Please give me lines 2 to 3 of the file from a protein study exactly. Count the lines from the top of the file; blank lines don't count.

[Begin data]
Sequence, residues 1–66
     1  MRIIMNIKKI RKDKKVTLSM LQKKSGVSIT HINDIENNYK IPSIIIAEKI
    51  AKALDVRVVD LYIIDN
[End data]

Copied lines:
     1  MRIIMNIKKI RKDKKVTLSM LQKKSGVSIT HINDIENNYK IPSIIIAEKI
    51  AKALDVRVVD LYIIDN